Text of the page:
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Gigantic Galaxy

  1. May 23, 2004 #1
    Largest Galaxy:
    The central galaxy of the Abell 2029 galaxy cluster, 1,070 million light-years from Earth, has a major diameter of 5.6 million light years - 60 times the diameter of the Milky Way Galaxy.

    Guinness World Records 2000 - Millennium Edition
  2. jcsd
  3. Jun 7, 2004 #2
  4. Jun 8, 2004 #3
    Galactic Galaxies...

    Galaxy clusters like Abell 2029, seem to indicate that there is an upper limit to the size of galaxies based upon the amount of material available, limiting itself in size to a narrow region directly in the galaxy cluster core.

    It there an actual theoretical upper-limit to how large a galaxy can become based upon galaxy clustering?

  5. Jul 6, 2004 #4
    great picture man.
  6. Jul 6, 2004 #5
    Good lord thats a big galaxy! :surprise:
  7. Jul 8, 2004 #6


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    here's a photo of the Abell 2029 cluster
    showing the big elliptical one in the center of
    a swarm of more-ordinary-size galaxies


    this menu has several more pictures, and the captions
    that go with them


    this one has an X-ray image (in red) superimposed over an optical image (in blue)----the X-ray image has something to do with showing the concetration of dark matter in the cluster, the caption says


    thanks Orion1 for calling attention to Abell 2029, it is impressive
    Last edited: Jul 8, 2004
  8. Jul 8, 2004 #7
    Now that is one big galaxy!
  9. Jul 9, 2004 #8
    Astro Abell...

    The Chandra image shows a smooth increase in the intensity of X-rays all the way into the central galaxy of the cluster. These X-rays are produced by the multimillion degree gas, which is confined to the cluster primarily by the gravity of the dark matter. By precisely measuring the temperature and intensity distribution of the X-rays, astronomers were able to make the best map yet of the distribution of dark matter in the inner region of the galaxy cluster.

    The X-ray data imply that the density of dark matter increases smoothly all the way into the central galaxy of the cluster. This discovery agrees with the predictions of cold dark matter models, and is contrary to other dark matter models that predict a leveling off of the amount of dark matter in the center of the cluster.

    If Abell 2029 is a representative sample of the universe, these results indicate that 70 to 90 percent of the mass of the universe consists of cold dark matter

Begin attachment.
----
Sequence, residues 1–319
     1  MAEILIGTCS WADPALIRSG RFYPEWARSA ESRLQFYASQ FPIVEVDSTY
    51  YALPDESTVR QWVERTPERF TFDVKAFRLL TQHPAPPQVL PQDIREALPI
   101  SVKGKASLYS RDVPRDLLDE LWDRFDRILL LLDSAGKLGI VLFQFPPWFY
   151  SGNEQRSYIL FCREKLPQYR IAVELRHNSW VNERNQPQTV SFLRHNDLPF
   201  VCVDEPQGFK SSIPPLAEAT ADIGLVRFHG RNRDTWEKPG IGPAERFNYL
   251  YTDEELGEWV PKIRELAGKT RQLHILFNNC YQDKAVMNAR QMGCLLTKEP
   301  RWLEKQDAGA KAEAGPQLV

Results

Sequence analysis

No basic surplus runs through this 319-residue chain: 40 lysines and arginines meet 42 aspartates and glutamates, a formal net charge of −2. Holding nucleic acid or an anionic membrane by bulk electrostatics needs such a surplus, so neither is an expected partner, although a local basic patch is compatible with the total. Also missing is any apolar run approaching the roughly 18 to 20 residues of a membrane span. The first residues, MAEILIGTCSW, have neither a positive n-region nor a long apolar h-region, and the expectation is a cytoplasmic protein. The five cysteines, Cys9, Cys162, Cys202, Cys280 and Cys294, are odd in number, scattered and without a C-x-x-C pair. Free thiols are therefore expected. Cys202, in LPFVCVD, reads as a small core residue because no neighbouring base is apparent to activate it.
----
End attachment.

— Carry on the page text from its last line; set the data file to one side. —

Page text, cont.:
The most detailed plot of dark matter at the heart of a galaxy cluster suggests that about three-quarters of the cluster's mass and the mass of the universe exists as "cold" dark matter subatomic particles that were moving slowly when the first galaxies were born.

    Theories involving cold dark matter predict that the density of dark matter in a cluster will increase steadily toward its center, while other theories predict the density will decrease. Chandra's high-resolution observations showed a gradual rise in the density into Abell 2029's central galaxy.

    A similar result was reached in an earlier study of the less orderly Hydra A galaxy cluster. Its dark-matter density also appeared to increase toward the cluster's center.

    But now both investigations seem to suggest that cold dark matter composes the bulk of the universe.

    Cold dark matter gets its name from the assumption that cold dark matter particles were moving slowly when galaxies and galaxy clusters began to form. The exact nature of these particles is still unknown.

    The new Chandra observations include estimates of the total energy content of the Universe. As shown in this illustration, dark energy is estimated to contribute about 75% of the energy in the Universe, dark matter about 21% and normal matter about 4%. Only the normal matter can be directly detected with telescopes, and about 85% of this is hot, intergalactic gas, as detected in Chandra observations of galaxy clusters.

    The red diffuse emission shows hot intergalactic gas, heated to about 100 million degrees by the enormous gravity in the cluster, and visible only in X-rays. The distances to the clusters in the sample can be derived from the Chandra observations by calculating the relative amounts of hot gas and dark matter. These distances show that the expansion of the Universe began accelerating about six billion years ago.

    Last edited: Jul 9, 2004
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